We often think of the best leaders as the ones who stand up in front of their employees and deliver inspiring speeches. We also need quiet leaders, as described by Art Markman in his recent Fast Company article.
It’s easy to turn into an adrenaline junkie at work these days. The constant state of excitement can keep the energy level high as you and your team run from one project to the next. But, what’s lost in this process is the time needed for reflection and analysis of what was learned.
We’d like to think that we’ve come a long way since employees settled their disputes with their fists. Most of us don’t have to put up with brawling in our workplaces, but employee disagreements are real.
The great Winston Churchill once said that success consists of going from failure to failure without loss of enthusiasm. A true leader, therefore embracing failure, learns the lessons taught by setbacks and continues until they succeed.
Darius Foroux follows the rules. Maybe you should too. In the ongoing quest for work-life balance, laying down some ground rules might just be the tactic that sticks for you. It’s like our time in school – a few rules set up much-needed structure for success when followed. As an entrepreneur, Foroux calls them his work rules in his productivity blog. They are powerful and effective in their simplicity.
I read an interesting interview with the author of When: The Scientific Secrets of Perfect Timing recently, and took away some thought-provoking ideas about how to be more productive at basically everything. They just might be counter-intuitive to your current beliefs. But give Daniel H. Pink’s research a chance.
Nobody likes to believe they waste four hours on a daily basis. But, it happens. If you want to develop a culture of increased productivity, you’ll need to lead by example and through recognition.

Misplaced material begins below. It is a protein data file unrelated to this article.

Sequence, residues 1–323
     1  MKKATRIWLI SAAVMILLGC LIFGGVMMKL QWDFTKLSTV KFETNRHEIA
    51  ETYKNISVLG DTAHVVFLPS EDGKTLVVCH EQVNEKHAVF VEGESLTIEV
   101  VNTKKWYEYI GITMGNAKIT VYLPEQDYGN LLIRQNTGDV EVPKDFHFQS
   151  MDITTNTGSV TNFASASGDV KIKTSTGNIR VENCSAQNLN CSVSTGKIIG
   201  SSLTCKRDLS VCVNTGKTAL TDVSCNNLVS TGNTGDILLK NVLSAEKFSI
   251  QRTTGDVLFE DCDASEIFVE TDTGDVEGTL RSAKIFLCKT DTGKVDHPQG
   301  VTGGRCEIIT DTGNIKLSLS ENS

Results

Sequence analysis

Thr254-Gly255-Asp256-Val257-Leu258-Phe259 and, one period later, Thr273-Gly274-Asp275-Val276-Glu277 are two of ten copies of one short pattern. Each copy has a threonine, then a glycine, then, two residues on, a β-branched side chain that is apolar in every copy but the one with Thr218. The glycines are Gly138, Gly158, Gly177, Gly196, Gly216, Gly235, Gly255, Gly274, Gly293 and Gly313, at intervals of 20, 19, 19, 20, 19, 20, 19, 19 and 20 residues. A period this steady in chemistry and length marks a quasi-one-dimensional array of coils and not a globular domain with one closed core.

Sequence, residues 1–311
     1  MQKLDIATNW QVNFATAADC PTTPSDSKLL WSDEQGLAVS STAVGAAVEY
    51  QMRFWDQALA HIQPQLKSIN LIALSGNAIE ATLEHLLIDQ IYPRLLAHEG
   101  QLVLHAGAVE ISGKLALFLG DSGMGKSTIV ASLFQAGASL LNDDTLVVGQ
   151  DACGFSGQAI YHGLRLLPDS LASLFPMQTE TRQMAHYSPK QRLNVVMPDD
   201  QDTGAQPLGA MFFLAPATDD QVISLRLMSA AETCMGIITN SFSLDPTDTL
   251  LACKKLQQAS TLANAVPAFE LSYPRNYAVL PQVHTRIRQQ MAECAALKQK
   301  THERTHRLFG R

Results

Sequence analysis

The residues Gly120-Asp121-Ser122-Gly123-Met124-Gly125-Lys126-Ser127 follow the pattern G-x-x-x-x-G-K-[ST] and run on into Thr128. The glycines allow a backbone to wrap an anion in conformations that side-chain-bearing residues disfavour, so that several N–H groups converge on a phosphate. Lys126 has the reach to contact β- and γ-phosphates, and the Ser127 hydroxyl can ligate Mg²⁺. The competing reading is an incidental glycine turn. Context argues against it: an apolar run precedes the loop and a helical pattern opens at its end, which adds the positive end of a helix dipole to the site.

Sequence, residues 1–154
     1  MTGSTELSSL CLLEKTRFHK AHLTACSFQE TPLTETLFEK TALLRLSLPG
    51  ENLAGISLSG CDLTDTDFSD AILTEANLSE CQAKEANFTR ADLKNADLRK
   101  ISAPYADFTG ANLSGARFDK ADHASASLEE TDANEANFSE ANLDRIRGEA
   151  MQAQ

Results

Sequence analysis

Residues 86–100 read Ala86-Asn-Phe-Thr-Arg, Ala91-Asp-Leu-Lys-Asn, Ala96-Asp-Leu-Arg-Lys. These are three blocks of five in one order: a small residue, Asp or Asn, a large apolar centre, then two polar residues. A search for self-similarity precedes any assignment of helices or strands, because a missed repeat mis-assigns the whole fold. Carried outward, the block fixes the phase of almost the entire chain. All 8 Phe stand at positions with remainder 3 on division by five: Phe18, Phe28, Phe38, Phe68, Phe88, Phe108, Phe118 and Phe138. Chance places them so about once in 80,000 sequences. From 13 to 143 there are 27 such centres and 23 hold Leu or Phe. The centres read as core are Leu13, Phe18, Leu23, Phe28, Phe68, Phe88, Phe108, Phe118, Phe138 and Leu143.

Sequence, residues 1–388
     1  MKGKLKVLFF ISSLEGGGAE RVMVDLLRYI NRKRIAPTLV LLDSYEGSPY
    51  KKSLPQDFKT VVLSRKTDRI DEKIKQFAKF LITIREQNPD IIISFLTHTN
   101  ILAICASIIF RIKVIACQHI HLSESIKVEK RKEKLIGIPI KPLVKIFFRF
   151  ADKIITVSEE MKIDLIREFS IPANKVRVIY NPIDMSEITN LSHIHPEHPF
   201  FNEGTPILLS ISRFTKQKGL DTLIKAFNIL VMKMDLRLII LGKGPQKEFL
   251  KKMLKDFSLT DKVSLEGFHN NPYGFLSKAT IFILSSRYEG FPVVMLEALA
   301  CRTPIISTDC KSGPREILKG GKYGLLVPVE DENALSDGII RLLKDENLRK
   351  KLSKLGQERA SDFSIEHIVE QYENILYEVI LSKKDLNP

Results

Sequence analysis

Brian Tracy was hell-bent on doubling LTDS attendees’ incomes in 2018. It’s clear he gets fired up about motivating entrepreneurs and leaders. After decades of researching and presenting productivity practices, the best-selling author still passionately wants others to succeed. At 74, he managed to put us all in our places for 90 minutes while we ate him up – and his zeal – with spoons.
For some managers, work life equals meetings, which means you’re not really getting anything done. You can put a stop to this time sink by implementing some of the suggestions Dorie Clark made in a recent post on Harvard Business Review.
Success in almost everything involves time management. It seems like there aren’t enough hours in the day to get everything that you need to do accomplished, but if you want to achieve much more than others in a shorter amount of time, you must improve how you manage that time.
In addition to working at a company with a great culture, and having meaningful assignments, your employees also expect training and development to improve their skills. How can you make this happen while also meeting your ROI targets?
Time management. We’ve all heard the advice on how to better manage our days and tasks at work. Prioritize. Make lists. Don’t multi-task. Do multi-task. Assign tasks on your calendar. Set deadlines even when there are none. Blah blah blah. Nothing new, amirite?